Limitless

Limitless

Advent 8 – 9

 

What are your boundaries?  Quick answer is all I’m asking for here so don’t over think the question.  How far can you really go?  One quick answer which is not incorrect would be to say “I can go as far as gravity will allow.”  After all, if we were to jump off a chair, we would go downward because of…gravity.  Gravity is one of the boundaries placed upon us.

 

Grace is a concept that many believe to be only religious.  After all, the Abrahamic religions of Judaism, Islam, and Christianity believe that grace is something bestowed by the Creator to believers.  It manifests as forgiveness, kindness, and perhaps miracles.  Many different spiritualities also refer to grace.  Most cultures have some type of a belief system that involves grace, whether it be towards one another or towards that which they feel is responsible for creation.

 

In the world of space and weather, GRACE is something different.  GRACE is an acronym for Global Recovery and Climate Experiment and involves two satellites which orbit the earth mapping its mass.  If you live in an area recently affected by drought or near a coast line that seems to be receding, GRACE has been a part of your weather forecast and reality.  It is intensely connected to gravity.

 

Gravity is determined by mass. By measuring gravity anomalies, GRACE has illustrated how mass is distributed around the planet and how it varies over time. Data from the GRACE satellites is an important tool for studying Earth’s ocean, geology, and climate. GRACE is a collaborative endeavor involving the Center for Space Research at the University of Texas, Austin; NASA’s Jet Propulsion Laboratory, Pasadena, CA; the German Space Agency and Germany’s National Research Center for Geosciences, Potsdam.  GRACE is over one thousand times more accurate than previous data gathering means and also help tracks the distribution of water on our planet.

 

If you remember from the first post in this Advent series, I mentioned we would be discussing the concept of grace from four different perspectives – Classical, Empirical, Subjective, and Axiomatic.  There are four weeks in Advent and each week, I wrote, we would approach the concept of grace from one of these perspectives.  This week is time to take an “empirical” approach to grace.  It is much the same idea that GRACE uses.

 

The word empirical refers to knowledge that is based on, concerned with, or verifiable by observation or experience rather than theory or pure logic.  GRACE does that with eye-in-the-sky observations of the planet’s mass and changing topography.  Earlier ways to determine such knowledge was limited because of man’s boundaries, his inability to gage personally what was happening in two places at once.  After all, to be human means to have boundaries, no be imperfect.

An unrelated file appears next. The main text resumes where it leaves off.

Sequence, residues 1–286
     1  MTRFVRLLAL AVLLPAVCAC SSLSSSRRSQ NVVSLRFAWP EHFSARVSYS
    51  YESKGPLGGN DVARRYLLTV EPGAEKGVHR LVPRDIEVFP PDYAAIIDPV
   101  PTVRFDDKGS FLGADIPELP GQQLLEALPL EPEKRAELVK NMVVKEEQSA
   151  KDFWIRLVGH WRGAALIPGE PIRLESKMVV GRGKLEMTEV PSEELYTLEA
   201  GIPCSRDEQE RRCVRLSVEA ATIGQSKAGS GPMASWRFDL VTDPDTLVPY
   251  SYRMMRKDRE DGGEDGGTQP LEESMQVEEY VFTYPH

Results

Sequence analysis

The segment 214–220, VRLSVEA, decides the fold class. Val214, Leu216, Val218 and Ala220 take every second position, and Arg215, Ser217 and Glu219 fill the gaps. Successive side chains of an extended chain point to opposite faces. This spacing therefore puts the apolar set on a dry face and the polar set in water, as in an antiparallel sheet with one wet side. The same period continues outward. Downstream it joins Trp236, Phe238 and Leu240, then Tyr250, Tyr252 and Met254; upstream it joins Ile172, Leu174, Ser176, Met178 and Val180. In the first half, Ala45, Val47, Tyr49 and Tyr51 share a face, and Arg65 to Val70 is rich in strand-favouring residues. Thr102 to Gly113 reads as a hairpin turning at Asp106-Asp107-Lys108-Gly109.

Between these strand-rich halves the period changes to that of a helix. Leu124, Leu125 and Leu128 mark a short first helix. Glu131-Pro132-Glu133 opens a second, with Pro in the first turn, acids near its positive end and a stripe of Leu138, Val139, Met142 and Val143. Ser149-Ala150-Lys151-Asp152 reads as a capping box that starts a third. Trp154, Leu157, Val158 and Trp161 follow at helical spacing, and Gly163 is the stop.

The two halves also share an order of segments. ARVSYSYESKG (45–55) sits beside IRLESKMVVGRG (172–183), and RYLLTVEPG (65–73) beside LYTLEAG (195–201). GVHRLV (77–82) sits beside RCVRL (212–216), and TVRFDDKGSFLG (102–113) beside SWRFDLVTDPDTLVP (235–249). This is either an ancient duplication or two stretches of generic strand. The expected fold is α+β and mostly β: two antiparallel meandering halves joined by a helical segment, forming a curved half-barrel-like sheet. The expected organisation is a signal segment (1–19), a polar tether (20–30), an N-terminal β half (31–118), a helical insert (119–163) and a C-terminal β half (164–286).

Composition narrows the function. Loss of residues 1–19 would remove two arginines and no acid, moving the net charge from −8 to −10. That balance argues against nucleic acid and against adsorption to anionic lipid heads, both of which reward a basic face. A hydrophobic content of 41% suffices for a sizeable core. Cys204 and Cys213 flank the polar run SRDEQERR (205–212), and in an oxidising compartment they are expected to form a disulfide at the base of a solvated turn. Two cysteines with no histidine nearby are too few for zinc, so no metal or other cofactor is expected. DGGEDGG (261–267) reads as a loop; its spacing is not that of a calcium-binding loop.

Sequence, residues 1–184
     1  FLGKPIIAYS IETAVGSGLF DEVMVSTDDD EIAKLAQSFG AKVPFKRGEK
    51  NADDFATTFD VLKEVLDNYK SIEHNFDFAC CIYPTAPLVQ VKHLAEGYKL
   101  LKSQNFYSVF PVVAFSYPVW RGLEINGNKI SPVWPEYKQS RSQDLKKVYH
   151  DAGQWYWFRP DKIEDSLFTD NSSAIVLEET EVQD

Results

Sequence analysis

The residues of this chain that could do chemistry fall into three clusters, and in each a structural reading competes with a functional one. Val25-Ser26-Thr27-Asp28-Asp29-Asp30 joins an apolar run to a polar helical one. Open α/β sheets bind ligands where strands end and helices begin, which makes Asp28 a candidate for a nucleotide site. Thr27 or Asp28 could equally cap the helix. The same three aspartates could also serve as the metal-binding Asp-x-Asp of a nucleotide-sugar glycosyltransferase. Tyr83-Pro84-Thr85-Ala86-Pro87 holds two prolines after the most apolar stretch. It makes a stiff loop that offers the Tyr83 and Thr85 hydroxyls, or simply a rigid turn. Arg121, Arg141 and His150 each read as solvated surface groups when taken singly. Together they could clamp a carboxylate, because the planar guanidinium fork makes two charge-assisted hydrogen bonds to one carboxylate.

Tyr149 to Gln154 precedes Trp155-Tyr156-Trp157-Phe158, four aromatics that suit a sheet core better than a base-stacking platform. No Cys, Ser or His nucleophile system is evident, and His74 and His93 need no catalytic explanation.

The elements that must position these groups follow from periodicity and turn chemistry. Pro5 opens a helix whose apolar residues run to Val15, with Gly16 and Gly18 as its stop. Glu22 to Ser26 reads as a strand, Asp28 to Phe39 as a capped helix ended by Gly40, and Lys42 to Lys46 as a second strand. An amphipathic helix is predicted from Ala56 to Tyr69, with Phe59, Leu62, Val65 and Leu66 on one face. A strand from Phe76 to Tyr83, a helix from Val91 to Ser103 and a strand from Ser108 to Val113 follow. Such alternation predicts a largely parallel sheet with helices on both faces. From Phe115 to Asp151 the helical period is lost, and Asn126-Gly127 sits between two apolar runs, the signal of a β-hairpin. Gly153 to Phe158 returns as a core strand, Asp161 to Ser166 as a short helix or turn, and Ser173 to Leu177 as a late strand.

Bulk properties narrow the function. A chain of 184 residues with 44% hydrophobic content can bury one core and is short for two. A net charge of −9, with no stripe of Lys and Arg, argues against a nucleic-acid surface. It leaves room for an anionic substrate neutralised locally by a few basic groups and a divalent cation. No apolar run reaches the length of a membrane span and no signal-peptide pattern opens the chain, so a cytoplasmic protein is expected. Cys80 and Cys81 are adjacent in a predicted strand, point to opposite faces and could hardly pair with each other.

If you wanted to find out who was serving the best chocolate chip cookies, you would need to taste all the possible cookies vying for such a title.  Empirical is very similar to the word “empire” but it actually comes from a completely different origin.  Empirical is from the Greek “empeirikos”, meaning experienced. It was originally used in medicine for doctors making choices based on observation and experiment rather than theoretical ideas. It’s now used for any kind of knowledge that comes from experience.

 

One could weigh the ingredients of various recipes of chocolate chip cookies, but until you taste each different recipe and the cookie it makes, you’ll lack empirical knowledge of exactly which chocolate chip cookie is really the best.  Even then, the results would be subjective because not everyone likes the same thing.  We may all have taste buds that are biologically similar but we interpret and decide what really tastes best individually.

 

I started this post by saying that one of the limits of being human is gravity.  I know posit this question to you:  Does grace have limits and are we the one thing that can limit it?  Are we, in fact, the gravity of grace?

 

Gravity cannot be seen or smelled or touched and yet, it’s there. In fact it’s everywhere. We are familiar with gravity because we live with its effects every day. We know that when we drop an object, it falls to the floor, and we know gravity is the reason. While the force of gravity is weak compared with other forces in nature, such as electricity and magnetism, its effects are the most far-reaching and dramatic. Gravity controls everything from the motion of the ocean tides to the expansion of the entire universe.